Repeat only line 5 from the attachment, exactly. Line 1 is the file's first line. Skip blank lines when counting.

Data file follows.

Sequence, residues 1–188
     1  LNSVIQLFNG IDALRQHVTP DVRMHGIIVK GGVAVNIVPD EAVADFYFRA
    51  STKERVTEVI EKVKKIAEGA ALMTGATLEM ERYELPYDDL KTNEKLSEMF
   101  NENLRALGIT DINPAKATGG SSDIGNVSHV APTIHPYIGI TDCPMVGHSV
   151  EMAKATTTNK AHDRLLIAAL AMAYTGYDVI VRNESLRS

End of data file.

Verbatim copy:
   151  EMAKATTTNK AHDRLLIAAL AMAYTGYDVI VRNESLRS